Russia's Armata T-14 Tank Could Be Super Dangerous on the Battlefield (But There Is One Simple Problem)
A British Army intelligence report offers an alarmist assessment of Russia’s new T-14 Armata main battle tank. Most U.S. defense analysts, however, are much more measured in their analysis of the new Russian machines. While the T-14 will likely be an excellent tank when it becomes operational, it is not quite the “revolution” that the British claim it to be. Moreover, it is far too expensive to produce in mass numbers.
“Without hyperbole, Armata represents the most revolutionary step change in tank design in the last half century,” states a British Army intelligence report cited by The Telegraph.
But most U.S. assessments suggest that’s exactly what the British report is: hyperbole. As The Telegraph notes, the British intelligence document questions the U.K. Ministry of Defense’s current defense strategy, which does not call for Great Britain to plan for a new combat vehicle to replace its Challenger 2 main battle tank. “Are we on the cusp of a new technological arms race? Has an understandable focus on defeating the single threat of IEDs distracted Western military vehicle designers? Challenger 2 [the British tank], with life extension programmes, is currently due to remain in service until 2035. Is it time to rethink?” the report asks.
To be sure, the report does have some valid points. The T-14 does have some very impressive features. “As a complete package, Armata certainly deserves its billing as the most revolutionary tank in a generation,” the intelligence brief states according to The Telegraph. “For the first time, a fully automated, digitised, unmanned turret has been incorporated into a main battle tank. And for the first time a tank crew is embedded within an armoured capsule in the hull front.”
While the report excerpts in The Telegraph don’t mention it, U.S. analysts note that many of the Armata’s advanced survivability features are drawn from the Israeli Merkava series. Nonetheless, the Russian seem to have advanced the state-of-the-art in terms of reactive armor and active protection. Indeed, if the Russian Afghanit active protection system works as advertised, the Armata could prove to be a serious problem for the West if it were ever produced in numbers. However, most Western analysts—government and private sector—are dubious about Russian claims that their APS can defeat kinetic energy rounds.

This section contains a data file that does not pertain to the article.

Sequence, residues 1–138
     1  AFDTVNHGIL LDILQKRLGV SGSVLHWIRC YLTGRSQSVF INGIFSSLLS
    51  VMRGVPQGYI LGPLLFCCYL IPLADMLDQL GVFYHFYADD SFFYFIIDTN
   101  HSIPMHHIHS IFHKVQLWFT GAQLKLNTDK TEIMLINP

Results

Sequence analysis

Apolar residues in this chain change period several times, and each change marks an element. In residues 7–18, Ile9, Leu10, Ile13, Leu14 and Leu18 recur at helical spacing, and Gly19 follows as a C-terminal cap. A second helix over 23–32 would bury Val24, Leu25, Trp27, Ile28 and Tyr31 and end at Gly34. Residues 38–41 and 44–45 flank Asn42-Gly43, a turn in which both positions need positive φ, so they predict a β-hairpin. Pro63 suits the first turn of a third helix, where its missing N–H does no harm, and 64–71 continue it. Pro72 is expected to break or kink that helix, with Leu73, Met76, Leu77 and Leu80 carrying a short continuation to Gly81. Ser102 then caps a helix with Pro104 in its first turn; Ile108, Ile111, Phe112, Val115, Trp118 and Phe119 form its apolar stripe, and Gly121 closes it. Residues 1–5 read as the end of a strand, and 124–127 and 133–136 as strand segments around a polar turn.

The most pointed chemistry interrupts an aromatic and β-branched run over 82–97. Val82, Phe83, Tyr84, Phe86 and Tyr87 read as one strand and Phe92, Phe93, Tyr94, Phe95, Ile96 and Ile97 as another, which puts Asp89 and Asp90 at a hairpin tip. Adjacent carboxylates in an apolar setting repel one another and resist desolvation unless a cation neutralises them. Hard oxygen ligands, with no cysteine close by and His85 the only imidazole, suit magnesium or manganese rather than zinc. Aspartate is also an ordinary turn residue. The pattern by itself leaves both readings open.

However, even if the Armata was as dangerous as the British report claims, Russia is not likely to be able to afford the expensive new machine in the huge quantities. Using the British reports own numbers—120 Armata tanks produced per year—CNA Corporation research scientist Mike Kofman, a prominent Russian military affairs expert in Washington, noted it would take nearly 21 years to replace Russia’s 2500 operational tanks with T-14s. That’s if the Kremlin has the financial wherewithal to buy that many Armata tanks—which is somewhat dubious.
Kofman noted that the Russians simply do not have the money to afford a huge fleet of T-14 tanks nor has the Armata family completed development. “There is an irony to the British report, and similar such publications by military establishments bemoaning their land forces, in that the Russian Ministry of Defense can no more afford to replace its armor fleet with Armatas than anyone else,” Kofman said.
Most analysts tracking the Kremlin’s military developments agree that the principal tank used by the Russian Ground Forces through the 2020s will be the relatively cost effective T-72B3. Even the T-90A is too expensive. “In the coming years the principal battle tank that NATO will have to face in Europe is not even the T-90A, it is the T-72B3, which Western counterparts can handle,” Kofman said. “There are still years of field trials ahead for the Armata—tinkering, and changes, with lingering questions on the final version and what the Russian military will ultimately be able to afford in quantity versus for arms expo shows.”
Dave Majumdar is the defense editor of The National Interest. You can follow him on Twitter @DaveMajumdar.
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